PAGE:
RS: Well yes, I think long term that soccer is a good investment because it’s watched by fans all over the world and it will continue to grow in popularity around the world. So yes, I did think it provided a good investment opportunity but the primary reason you get involved in sports is more about passion and competitiveness than it is about profitability and investment returns. There are easier to ways to make money?

 

KJ: So you’re saying this was money you could afford to lose?

 

RS: Well, you never want to lose money. But could I afford to lose it? Yes, I guess if you say it that way. But I looked at it as an investment in a business which could have been very successful long term, if it was put on a solid financial footing with the right management team in place.

 

KJ: But Scottish football is not in a good financial place right now. There must have been other more obvious options?

 

Ally McCoist banned from Fernando Ricksen's benefit match

 

RS: I agree. But sometimes the best places to look are the places other people don’t want to look. I think Rangers is a gem. It just needs some love and it needs to be polished.

 

KJ: You said if the Rangers fans need your help they only have to ask. What exactly did you mean?

 

RS: Given the rules of the London Stock exchange, I can’t comment any further. All I can say is I’m in a holding pattern. I’m following what’s going on and I hope things work out for the fans and the club. It’s a storied franchise and a treasure in the community. I hope it gets itself squared away.

 

KJ: If Dave King’s EGM is successful and this board is wiped out, it changes your position? Is this something you would welcome?

 

RS: I can’t comment. It’ll be up to the shareholders to decide in what direction they want to go or if they want to make a change or not.

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Given the rules of the London Stock exchange, I can’t comment any further. All I can say is I’m in a holding pattern. I’m following what’s going on and I hope things work out for the fans and the club. It’s a storied franchise and a treasure in the community. I hope it gets itself squared away.

 

Aha! It's a worldwide conspiracy!

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Personally while I doubt he's completely out of the picture I don't see him investing as a minority partner.

 

Yep. That said, maybe he and the good guys have to sit on one table and speak to one another about their plans and how to get on with things. Right now, the actual aim of the good guys is removing the board and Ashley's icy grip.

 

BTW, good that he continually points out that further debt is an enemy to the club in a national paper. You'd hope many shareholders read that carefully.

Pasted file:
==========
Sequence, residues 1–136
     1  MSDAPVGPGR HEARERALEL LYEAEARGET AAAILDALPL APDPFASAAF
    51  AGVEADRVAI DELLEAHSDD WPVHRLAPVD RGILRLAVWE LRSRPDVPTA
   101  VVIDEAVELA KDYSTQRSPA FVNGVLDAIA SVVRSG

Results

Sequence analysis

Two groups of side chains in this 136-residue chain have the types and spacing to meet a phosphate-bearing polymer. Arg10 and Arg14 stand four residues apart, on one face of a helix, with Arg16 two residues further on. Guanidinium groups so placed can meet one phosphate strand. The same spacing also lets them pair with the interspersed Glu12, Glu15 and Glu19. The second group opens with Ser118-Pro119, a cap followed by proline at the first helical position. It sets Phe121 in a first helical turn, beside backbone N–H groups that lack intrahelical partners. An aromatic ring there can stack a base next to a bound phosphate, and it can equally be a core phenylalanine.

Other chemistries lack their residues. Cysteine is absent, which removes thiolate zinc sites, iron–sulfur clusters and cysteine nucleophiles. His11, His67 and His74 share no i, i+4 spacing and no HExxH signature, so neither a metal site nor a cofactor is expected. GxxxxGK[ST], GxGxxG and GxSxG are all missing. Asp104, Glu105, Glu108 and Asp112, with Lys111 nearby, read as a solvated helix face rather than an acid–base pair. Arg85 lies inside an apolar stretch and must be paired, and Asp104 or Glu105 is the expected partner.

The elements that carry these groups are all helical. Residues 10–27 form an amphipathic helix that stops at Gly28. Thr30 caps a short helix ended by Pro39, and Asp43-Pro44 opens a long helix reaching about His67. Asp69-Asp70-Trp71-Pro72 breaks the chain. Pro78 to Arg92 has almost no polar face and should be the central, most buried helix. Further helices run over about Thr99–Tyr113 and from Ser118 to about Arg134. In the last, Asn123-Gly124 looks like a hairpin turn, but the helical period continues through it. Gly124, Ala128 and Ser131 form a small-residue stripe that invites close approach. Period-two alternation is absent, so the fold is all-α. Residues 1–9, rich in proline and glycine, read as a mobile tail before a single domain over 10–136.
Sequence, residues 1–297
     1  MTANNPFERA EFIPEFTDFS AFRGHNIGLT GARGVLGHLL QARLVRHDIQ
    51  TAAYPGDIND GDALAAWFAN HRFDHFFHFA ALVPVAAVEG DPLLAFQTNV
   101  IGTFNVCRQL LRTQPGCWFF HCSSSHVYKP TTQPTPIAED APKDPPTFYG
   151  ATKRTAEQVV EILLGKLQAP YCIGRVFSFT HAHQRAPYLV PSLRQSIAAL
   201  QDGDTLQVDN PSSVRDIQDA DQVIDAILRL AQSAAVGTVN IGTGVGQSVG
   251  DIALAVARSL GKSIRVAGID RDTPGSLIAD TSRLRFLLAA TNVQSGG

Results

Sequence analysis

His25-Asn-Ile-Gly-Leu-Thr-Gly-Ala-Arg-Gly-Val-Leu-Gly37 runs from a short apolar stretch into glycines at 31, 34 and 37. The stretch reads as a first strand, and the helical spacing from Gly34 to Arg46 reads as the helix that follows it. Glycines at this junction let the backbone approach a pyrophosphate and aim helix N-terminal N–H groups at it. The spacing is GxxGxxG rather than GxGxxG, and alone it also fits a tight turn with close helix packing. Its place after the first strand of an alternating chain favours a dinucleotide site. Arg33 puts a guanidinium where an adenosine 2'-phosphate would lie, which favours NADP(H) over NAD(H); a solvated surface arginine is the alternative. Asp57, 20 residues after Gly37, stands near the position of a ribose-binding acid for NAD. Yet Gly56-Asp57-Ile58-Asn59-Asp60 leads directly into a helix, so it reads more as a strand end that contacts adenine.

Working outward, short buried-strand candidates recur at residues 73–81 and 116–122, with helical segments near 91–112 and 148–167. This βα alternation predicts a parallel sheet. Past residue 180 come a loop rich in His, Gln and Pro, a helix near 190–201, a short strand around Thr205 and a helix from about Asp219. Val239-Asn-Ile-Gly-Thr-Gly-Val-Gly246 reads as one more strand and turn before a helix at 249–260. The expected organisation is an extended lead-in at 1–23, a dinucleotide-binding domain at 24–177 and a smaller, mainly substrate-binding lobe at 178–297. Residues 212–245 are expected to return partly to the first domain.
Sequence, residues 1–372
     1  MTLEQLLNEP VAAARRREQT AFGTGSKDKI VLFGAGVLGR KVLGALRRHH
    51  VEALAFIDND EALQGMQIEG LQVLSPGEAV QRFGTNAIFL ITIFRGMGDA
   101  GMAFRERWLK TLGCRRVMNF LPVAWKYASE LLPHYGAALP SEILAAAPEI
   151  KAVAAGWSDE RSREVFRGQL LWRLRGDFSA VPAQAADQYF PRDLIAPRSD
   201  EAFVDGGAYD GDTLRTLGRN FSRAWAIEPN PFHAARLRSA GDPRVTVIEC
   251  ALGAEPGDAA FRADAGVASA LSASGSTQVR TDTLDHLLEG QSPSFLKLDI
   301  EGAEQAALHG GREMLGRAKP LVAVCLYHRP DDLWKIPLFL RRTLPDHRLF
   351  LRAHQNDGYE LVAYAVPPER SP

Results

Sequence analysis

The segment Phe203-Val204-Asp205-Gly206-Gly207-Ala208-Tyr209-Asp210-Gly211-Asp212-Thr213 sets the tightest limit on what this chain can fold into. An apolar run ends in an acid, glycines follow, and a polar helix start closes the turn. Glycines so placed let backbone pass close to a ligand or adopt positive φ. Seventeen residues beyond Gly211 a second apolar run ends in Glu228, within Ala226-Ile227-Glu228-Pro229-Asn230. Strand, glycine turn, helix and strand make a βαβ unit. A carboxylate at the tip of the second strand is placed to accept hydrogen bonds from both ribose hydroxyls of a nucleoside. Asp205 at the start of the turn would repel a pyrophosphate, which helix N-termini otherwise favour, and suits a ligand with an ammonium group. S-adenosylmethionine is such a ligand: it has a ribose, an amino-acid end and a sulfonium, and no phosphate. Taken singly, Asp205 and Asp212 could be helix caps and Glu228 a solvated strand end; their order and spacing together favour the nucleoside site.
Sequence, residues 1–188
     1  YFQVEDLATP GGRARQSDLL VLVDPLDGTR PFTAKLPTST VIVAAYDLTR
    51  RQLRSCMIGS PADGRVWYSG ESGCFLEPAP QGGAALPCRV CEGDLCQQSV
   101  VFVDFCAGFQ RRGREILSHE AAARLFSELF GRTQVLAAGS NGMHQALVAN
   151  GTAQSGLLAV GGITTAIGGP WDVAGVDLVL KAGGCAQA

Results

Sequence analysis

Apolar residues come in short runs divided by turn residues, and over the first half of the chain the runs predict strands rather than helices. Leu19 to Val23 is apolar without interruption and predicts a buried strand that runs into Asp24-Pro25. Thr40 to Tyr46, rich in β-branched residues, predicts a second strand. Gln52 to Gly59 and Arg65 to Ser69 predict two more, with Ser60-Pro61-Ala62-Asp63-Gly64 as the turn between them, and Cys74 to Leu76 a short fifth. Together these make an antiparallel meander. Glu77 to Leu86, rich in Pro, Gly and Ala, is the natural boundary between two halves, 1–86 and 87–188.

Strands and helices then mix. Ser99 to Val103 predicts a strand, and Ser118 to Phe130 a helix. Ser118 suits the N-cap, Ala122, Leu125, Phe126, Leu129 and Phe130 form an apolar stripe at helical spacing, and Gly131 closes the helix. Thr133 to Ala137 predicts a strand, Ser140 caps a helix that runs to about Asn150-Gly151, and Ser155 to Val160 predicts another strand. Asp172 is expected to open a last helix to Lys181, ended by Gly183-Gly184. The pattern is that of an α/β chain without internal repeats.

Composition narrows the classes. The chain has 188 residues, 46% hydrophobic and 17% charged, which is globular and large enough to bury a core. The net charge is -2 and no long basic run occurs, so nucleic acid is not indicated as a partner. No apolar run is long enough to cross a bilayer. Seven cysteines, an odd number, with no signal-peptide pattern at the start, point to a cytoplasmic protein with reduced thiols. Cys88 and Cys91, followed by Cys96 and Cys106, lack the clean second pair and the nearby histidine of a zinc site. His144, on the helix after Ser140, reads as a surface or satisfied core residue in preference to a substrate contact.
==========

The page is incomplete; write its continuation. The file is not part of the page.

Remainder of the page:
Edited by der Berliner
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His statement about equity vs debt is bang on the money.

 

An entity that is hemorrhaging cash simply cannot afford to take on any new debt unless at 0% interest - even then that isn't wise as they have no way to service the current debt let alone the new debt. The Board would be wise to heed what he is saying as it absolutely IS a fiduciary duty to protect the club's well-being - and if an equity offering is available but they accept new debt then that at least appears to be contrary to their fiduciary duty.

 

I like the way he speaks too. But at this point whatever he says is night on irrelevant as there is little he can do to change things, other than awareness.

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His statement about equity vs debt is bang on the money.

 

An entity that is hemorrhaging cash simply cannot afford to take on any new debt unless at 0% interest - even then that isn't wise as they have no way to service the current debt let alone the new debt. The Board would be wise to heed what he is saying as it absolutely IS a fiduciary duty to protect the club's well-being - and if an equity offering is available but they accept new debt then that at least appears to be contrary to their fiduciary duty.

 

That's a real worry at the moment because if we end up with £10m+ debt at the end of this season how and when do we pay it back and how much debt would we have at the end of next season? £20m+ ??

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That's a real worry at the moment because if we end up with £10m+ debt at the end of this season how and when do we pay it back and how much debt would we have at the end of next season? £20m+ ??

 

My concern would be regarding what the repayment terms are on the new debt. Admittedly we cant afford ANY new debt.... but if you assumed we could actually service what we have.... but then just look at what SDM did with his properties - if we granted security over Ibrox and MP to Ashley for the 10 mill loan and the loan repayment had to take place in a year we would be absolutely screwed because we know we cant pay that. If it were over a 20 year period or whatever then we could potentially repay it depending on league we are in and the custodians we have.

 

My suspicion is that they grant security over Ibrox and MP for a short term loan that they (and Ashley) KNOW we wont be able to repay - their tidy little way of selling MP to Ashley (even though he wouldn't be guaranteed to own the assets as they would be auctioned off and he wouldn't necessarily win that auction - though he clearly has the funds to outbid most people who would show an interest).

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Of course, you would expect that e.g. merchandise sale is one way to cover part of the repayment of debt/loans. Now, if the one who is giving the loan is the same guy who rapes this very income stream, even the most "hard of thinking" director would know that there is hardly any way to repay that loan unless it runs for about 5 years? Not to mention conflict of interest, doing the best for the company etc.. Of course, you do wonder how quickly the money is actually required and which of the two alternatives will be faster.